It will be interesting to see how this plays out. If the omnibus bill is stalled and the Republican short-term CR is accepted, both sides can claim victory and go home, having averted a government shutdown while keeping their long holiday schedule intact. Lord knows the American public all needs a break from these twisted narcissists.
With the opening bell less than half an hour ahead, everything is down. Futures have cratered (Dow, -200; S&P, -31: NASDAQ, -120), European stocks are flat to lower, gold and silver are lower, WTI crude is at $78.64, up a mere 38 cents.
At the Close, Wednesday, December 21, 2022:
Wednesday, December 21, 2022, 9:26 am ET
The era of easy money has come to an end.
However, the US congress didn't get the memo.
Early Tuesday, the Bank of Japan increased the potential yield on its 10-year government bonds from 0.25% to 0.50%, at the same time increasing its monthly bond purchases from $55 billion to $67 billion. The Bank of Japan holds more than half of the government bond issuance, making it the de facto arbiter of all credit in the country.
The surpising move by the central bank - the last major sovereign central bank to raise interest rates this year - sent the yen to a four-month high against the US dollar, the largest one-day jump in 24 years. At the same time, yield on the US 10-year note soared from 3.48% on Friday to 3.69% on Sunday.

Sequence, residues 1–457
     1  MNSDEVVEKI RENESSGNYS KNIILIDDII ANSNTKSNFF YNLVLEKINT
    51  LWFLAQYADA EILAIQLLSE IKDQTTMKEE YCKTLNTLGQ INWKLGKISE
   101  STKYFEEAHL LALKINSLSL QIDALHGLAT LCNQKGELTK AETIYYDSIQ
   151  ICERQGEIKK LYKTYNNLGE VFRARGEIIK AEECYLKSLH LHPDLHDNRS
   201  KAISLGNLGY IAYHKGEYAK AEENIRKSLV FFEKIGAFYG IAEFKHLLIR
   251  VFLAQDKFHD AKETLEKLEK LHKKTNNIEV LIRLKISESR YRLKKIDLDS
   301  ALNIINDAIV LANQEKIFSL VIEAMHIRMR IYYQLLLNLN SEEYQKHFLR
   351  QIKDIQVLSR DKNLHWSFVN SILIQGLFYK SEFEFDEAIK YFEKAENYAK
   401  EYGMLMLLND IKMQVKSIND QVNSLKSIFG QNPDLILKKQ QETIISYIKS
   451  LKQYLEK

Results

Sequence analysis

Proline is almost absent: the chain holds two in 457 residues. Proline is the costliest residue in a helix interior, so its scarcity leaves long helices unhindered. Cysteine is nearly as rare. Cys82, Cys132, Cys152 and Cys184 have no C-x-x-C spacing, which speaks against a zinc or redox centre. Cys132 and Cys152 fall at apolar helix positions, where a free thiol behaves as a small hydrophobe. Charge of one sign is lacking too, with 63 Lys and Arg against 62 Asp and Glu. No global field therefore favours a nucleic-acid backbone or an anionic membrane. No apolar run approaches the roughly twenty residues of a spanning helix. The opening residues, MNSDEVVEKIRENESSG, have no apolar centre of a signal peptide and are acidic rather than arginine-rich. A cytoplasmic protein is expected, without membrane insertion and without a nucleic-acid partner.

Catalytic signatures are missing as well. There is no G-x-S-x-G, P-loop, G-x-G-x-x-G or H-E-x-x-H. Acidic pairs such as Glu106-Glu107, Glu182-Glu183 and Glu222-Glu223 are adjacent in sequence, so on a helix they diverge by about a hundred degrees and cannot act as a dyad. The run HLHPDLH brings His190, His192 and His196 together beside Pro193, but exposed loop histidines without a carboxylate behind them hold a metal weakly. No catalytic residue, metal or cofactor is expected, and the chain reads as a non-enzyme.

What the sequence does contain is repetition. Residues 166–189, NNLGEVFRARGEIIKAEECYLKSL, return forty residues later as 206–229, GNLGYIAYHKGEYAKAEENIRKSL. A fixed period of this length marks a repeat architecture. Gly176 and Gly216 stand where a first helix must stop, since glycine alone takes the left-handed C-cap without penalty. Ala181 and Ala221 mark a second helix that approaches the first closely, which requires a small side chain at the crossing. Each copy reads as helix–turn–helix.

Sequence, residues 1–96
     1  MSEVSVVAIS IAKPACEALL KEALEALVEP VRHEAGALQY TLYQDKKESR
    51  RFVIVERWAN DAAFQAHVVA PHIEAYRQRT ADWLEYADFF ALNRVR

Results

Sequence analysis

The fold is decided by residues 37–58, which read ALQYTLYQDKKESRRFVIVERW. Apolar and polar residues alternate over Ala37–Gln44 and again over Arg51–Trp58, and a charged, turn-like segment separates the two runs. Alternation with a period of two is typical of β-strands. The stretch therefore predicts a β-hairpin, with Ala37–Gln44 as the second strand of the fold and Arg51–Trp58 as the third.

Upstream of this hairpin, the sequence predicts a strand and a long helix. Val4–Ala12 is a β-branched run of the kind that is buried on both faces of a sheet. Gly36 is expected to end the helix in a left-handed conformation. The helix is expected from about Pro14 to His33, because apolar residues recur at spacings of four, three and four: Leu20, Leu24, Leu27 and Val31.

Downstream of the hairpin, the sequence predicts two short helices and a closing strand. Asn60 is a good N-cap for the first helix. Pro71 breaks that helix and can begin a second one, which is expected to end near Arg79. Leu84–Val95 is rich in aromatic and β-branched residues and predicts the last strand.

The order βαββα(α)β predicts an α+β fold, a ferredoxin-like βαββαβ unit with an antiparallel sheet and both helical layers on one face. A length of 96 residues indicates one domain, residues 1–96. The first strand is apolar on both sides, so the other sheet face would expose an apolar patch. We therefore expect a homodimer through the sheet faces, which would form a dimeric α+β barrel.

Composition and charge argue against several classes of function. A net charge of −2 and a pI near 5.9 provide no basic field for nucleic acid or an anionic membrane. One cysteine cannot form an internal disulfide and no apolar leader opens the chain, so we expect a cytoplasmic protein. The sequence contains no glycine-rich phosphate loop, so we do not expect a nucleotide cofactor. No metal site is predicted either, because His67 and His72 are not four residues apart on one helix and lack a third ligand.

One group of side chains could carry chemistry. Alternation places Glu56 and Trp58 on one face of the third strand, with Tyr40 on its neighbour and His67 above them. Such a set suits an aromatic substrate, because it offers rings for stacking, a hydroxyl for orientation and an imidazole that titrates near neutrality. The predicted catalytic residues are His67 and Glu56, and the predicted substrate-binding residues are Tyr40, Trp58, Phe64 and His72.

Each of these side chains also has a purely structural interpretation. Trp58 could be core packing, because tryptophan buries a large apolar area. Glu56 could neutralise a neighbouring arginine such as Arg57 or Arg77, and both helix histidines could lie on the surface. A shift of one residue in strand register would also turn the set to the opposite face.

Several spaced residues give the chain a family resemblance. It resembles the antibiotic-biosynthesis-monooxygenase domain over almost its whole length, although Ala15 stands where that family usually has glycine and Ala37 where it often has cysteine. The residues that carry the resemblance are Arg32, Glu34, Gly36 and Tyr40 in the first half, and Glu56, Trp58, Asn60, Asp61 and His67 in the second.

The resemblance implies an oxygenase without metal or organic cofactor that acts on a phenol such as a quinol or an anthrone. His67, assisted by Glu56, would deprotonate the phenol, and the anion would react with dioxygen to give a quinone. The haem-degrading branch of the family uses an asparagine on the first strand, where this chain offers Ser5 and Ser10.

By its action, Japan finally acknowledged domestic inflation, something the rest of the developed nations have been experiencing over the past 18-20 months.
At the same time, Republicans in the Senate got on board with their spendthrift friends on the opposite side of the aisle, promoting a $1.7 continuing resolution to fund the federal government through the end of fiscal 2023 (September 30) that, according to minority leader Mitch McConnell, achieves "essentially all of our priorities."
Supposedly, those priorities - in the blinkered world wherein McConnell resides - includes giving in to a lame duck Democrat-controlled House of Representatives just prior to "his party" taking control in January, supporting $45 billion more in aid to Ukraine, among other absurdities, eventually costing out at $1.85 trillion, adding to the already bloated $31.5 trillion national debt, running counter to the Federal Reserve's initiative to defeat inflation.
McConnell, like most of his "uniparty" comrades, is an utter and complete disgrace. This 80-year-old sellout should have been forced into retirement years ago. Somehow, he remains the leader of the heavily-compromised Republican party, whether they're in the majority of minority. Rather than force Democrats and his own party to compose a budget that reflects the needs of the American people, he chose to avoid the possibility of a partial "government shutdown" - a complete canard - on Friday, and instead let all the elected representatives in the nation's capitol take a nice, long holiday vacation. Lawmakers will return on January 3rd, when the new House and Senate members will be sworn into office.